HOM | A chat with Interstellar Funk

Interstellar Funk | photo Imke Lighthart

The fourth edition of RH’s House Of Music magazine is out now. Time to share some printed content online here. Let’s start with the small article about ex-soccer player Interstellar Funk…

From the moment he first set foot in the Rush Hour office a few years ago, Olf van Elden – aka Interstellar Funk – focused his quiet energy on discovering new music. It’s the same unhurried approach Olf takes in the studio when he’s trying out different gear and musical angles. He’s got a keen, curious ear and draws from diverse inspirations which are reflected in his Rush Hour debut EP, “Electric Park Square”.

The RH crew, being his office pals, prepared a few burning questions for him. The type of questions, that we usually save for after hours.

You’ve bought and sold quite a bit of studio gear on your search for your favorite machines. Which piece of musical equipment was your worst friend?

Six years ago, when I didn’t know much about gear, I agreed to trade my MS10 for a Moog Prodigy with some guy from Antwerp. We met in front of a museum in the middle of the night and swapped synths. Back then, I only had a Juno 60 and I was looking for a good mono­synth. I got rid of the MS10, because although I think it’s cool for additional use, I just didn’t use it as my ‘main’ synth.

Actually… I was looking for a Sequential Circuits Pro One instead of the Prodigy. The Pro One is one of the most beautiful mono synths around. It has a super strong, clean sound and is pretty easy to explore. It’s that kind of synth which you can use in every track. But… they’re hardly available and pretty expensive. Checking out the web, the Prodigy looked like a good alternative. It wasn’t until I got home that I discovered the machine didn’t have a midi or CV/gate. My loss. Two weeks later I sold it again and got the Pro One in return.

Which piece of musical equipment will you never get rid of?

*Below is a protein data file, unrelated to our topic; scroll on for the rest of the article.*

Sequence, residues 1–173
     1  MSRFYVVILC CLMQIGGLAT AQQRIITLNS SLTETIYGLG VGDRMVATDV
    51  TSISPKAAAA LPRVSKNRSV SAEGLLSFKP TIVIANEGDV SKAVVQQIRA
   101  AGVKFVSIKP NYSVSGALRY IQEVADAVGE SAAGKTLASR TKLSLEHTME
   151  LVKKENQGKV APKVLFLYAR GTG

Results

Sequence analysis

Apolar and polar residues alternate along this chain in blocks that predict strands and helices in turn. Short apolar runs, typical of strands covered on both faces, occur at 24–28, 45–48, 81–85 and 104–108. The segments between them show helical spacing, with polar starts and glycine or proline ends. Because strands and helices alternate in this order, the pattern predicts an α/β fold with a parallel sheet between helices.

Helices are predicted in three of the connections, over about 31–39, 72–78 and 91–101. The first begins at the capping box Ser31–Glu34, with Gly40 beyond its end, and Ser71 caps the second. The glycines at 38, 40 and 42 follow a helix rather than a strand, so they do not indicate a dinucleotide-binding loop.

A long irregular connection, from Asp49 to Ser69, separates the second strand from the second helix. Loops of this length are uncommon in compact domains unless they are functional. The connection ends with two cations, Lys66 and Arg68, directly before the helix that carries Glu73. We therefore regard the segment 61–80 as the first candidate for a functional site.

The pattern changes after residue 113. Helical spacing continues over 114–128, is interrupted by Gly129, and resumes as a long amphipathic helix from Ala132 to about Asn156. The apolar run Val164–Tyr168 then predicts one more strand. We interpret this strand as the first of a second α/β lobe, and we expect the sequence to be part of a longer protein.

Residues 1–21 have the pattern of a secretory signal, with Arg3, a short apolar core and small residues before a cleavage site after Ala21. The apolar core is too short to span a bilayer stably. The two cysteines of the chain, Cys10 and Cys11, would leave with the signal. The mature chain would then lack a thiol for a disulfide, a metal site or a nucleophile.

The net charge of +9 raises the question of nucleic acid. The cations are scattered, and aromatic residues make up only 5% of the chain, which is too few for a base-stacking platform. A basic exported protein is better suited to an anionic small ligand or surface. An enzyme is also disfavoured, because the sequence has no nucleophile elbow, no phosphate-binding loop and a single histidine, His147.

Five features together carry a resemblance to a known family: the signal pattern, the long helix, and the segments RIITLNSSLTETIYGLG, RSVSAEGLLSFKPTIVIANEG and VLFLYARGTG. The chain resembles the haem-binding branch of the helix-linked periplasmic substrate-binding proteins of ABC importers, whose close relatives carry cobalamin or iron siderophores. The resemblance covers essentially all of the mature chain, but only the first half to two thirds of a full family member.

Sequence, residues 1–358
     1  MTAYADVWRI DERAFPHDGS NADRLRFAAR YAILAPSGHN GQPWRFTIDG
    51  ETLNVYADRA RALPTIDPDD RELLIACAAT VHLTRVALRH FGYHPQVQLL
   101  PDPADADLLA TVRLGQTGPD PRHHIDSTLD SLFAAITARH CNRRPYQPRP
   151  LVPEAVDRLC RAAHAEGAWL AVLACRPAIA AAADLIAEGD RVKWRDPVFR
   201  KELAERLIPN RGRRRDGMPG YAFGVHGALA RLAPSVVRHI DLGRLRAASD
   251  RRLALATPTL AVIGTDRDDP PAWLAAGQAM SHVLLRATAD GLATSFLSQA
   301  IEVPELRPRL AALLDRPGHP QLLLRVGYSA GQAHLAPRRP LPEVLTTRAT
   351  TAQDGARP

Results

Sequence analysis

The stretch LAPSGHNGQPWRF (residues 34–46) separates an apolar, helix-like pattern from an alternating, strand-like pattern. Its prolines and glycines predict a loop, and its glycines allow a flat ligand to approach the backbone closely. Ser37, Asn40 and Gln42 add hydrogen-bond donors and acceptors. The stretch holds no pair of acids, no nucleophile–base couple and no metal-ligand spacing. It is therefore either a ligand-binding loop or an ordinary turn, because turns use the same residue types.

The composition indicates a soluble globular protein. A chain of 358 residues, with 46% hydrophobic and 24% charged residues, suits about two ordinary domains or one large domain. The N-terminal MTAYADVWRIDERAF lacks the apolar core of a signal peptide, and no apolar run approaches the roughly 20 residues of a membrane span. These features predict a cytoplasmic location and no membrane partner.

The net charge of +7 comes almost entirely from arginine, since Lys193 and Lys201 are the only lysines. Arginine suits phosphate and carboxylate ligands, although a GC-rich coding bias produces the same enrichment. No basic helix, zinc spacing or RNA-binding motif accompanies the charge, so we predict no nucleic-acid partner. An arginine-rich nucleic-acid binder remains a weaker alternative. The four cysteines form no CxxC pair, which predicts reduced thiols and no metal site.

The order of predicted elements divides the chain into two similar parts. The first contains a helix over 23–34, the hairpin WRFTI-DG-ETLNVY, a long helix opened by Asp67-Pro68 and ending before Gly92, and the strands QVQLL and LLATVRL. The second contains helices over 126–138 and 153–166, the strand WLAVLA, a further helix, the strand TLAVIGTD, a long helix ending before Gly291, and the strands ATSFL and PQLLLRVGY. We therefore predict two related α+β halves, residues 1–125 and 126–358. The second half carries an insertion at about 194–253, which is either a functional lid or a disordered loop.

I recently bought a Yamaha CS30 and it’s insane. It has several trigger options and it also offers a step sequencer, which you can modify into crazy weird sounds.

How did you come up with Interstellar Funk as your artist name?
I was about to release my first 12″ but didn’t have a name back then. I stole it from an old Detroit electro track because I liked the vibe of it.

You are not the first ex­soccer player in the RH team with a pro­career in sight. Can you introduce Interstellar Funk the soccer player in a nutshell?
I think I was 16 years old when I really wanted to become a professional soccer player. I did quite well and ended up playing at a professional level in Oss (Noord­-Brabant, NL) for one year. I really enjoyed the experience, but didn’t have time left for anything else. After one year, the club went bankrupt and I returned to Arnhem, my hometown. I kept playing soccer until my brother and I moved to Utrecht.

How did you end up in music?
I went to my first festival with my older brother when I was about 15 years old. Back then, he already threw parties at places like Club 11, Trouw’s predecessor. That was the first club I went out to on a regular basis. When we moved to Utrecht, I started to discover the world of record shops. At 20, I moved to Amsterdam together with my brother. That’s when I got familiar with Rush Hour. It was at the same time Dekmantel started throwing their first events.

How is soccer represented in the RH team for you?
Not that much. We are more into dodgeball lately…

photo: Imke Lighthart

HOUSE OF MUSIC (H.O.M. 4)
Free copies are available at your fave record store or online, at rushhour.nl

Rush Hour House Of Music